Priority of Employees’ Dues in Asset Sale: SARFAESI Act vs. Land Revenue Code

In a significant legal judgment by the Supreme Court of India, the priority of employees’ dues in asset sales was examined in a case involving the SARFAESI Act and the Land Revenue Code. The dispute revolved around the distribution of proceeds from the sale of secured assets, with employees seeking precedence for their unpaid dues. The court’s decision sheds light on the conflicting claims and sets a precedent for similar cases in the future.


  • The appellant-bank initiated recovery proceedings against the Karkhana for defaulting on loan repayments, leading to the issuance of a notice under the SARFAESI Act.
  • Physical possession of the mortgaged properties of the Karkhana was taken by the appellant-bank as per the SARFAESI Act.
  • The Karkhana directed its employees to go on leave without salary due to financial difficulties, leading to legal challenges by the employees.
  • The Industrial Court directed the Karkhana to pay unpaid salaries to employees on a priority basis.
  • A recovery certificate was sought against the Karkhana, its Managing Director, and the appellant-bank under the MRTU & PULP Act, initially denied but later modified by the High Court.
  • The Industrial Court erred in considering the financial condition of the Karkhana as a reason to refuse the recovery certificate.
  • The issuance of a recovery certificate of Rs.13,89,84,334 against the Karkhana and its Managing Director was directed by the High Court.
  • Employees’ dues were given priority over other dues upon the liquidation of the Karkhana.
  • The Collector was authorized to recover the amount from the sale proceeds held in trust by the Appellant-Bank.
  • The High Court clarified that recovery could only be made against the Karkhana and not the Appellant-Bank due to the absence of an employer-employee relationship.

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  • The issue in this appeal is whether employees’ dues can take precedence over the claim of the secured creditor in the sale of secured assets under the SARFAESI Act.
  • Subsequently, the question arises as to whether employees’ dues can have priority over other claims by being recoverable as arrears of land revenue.

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  • The Appellant argued against the liability towards payment of employees’ dues citing lack of employer-employee relationship.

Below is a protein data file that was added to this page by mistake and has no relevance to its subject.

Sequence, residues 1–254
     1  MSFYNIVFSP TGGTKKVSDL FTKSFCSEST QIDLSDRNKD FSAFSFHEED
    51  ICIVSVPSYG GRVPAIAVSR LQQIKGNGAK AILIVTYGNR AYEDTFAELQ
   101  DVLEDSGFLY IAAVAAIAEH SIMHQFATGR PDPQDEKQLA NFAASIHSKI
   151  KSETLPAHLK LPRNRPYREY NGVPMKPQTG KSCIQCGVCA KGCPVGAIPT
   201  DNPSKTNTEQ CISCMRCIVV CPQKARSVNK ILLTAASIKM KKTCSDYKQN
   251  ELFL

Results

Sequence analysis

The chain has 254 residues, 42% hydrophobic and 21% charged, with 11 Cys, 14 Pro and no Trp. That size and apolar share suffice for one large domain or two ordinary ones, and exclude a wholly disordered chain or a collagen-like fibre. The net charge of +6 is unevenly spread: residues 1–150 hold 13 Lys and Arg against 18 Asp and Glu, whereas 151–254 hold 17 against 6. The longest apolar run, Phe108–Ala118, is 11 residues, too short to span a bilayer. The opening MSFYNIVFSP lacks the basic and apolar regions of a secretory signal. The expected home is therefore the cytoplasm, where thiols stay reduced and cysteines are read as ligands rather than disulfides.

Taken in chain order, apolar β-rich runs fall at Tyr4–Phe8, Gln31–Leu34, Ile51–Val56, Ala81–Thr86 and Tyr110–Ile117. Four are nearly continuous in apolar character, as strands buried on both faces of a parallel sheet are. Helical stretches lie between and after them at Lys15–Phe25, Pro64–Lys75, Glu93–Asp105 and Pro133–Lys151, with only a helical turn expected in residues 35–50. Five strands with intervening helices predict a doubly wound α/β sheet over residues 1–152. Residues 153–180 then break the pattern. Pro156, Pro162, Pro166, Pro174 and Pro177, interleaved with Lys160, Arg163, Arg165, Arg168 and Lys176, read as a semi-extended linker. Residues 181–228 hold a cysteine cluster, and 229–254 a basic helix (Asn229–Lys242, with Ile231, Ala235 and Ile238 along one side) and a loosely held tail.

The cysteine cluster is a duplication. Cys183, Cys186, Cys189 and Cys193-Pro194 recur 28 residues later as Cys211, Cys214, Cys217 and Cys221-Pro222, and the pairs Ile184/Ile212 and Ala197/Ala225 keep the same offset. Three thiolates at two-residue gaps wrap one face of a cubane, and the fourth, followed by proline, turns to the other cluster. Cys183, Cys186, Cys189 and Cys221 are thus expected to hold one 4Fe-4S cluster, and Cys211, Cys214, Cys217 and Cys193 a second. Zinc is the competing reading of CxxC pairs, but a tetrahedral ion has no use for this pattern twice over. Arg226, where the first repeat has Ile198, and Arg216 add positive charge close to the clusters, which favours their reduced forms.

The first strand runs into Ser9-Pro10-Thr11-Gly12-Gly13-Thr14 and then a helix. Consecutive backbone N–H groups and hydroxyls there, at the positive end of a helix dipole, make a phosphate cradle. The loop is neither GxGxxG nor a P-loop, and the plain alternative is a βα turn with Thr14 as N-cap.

• The Appellant claimed misapplication of Section 529A of the Companies Act as the company was not in liquidation at the time of asset sale.
  • The contention was made that Section 50 of the MRTU & PULP Act and the sale letter from the Appellant-Bank prior to liquidation were wrongly applied for employees’ dues recovery.
  • The Appellant invoked Section 167 of the Societies Act and Section 169(2) of the Land Revenue Code to argue against the application of Companies Act to co-operative societies.
  • Emphasized on Section 169(1) of the Land Revenue Code making arrears of land revenue a paramount charge over employees’ dues.
  • Suggested that as a secured creditor, the Appellant-Bank should be given precedence over proceeds from auction sale as per SARFAESI Act.
  • Learned Counsel for the subsequent purchaser of the property relied on a letter stating that liability for employees’ dues must be placed on the Appellant.

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  • Section 529A of the Companies Act does not apply in this case due to Section 167 of the Societies Act.
  • Employees’ dues cannot be treated as a paramount charge under Section 169(1) of the Land Revenue Code.
  • Proceeds from the sale under SARFAESI Act are to be distributed towards costs, dues of secured creditors, and then to other claimants.
  • In this case, the sale contract between the parties diverges from the order of distribution under Section 13(7) as a ‘contract to the contrary’.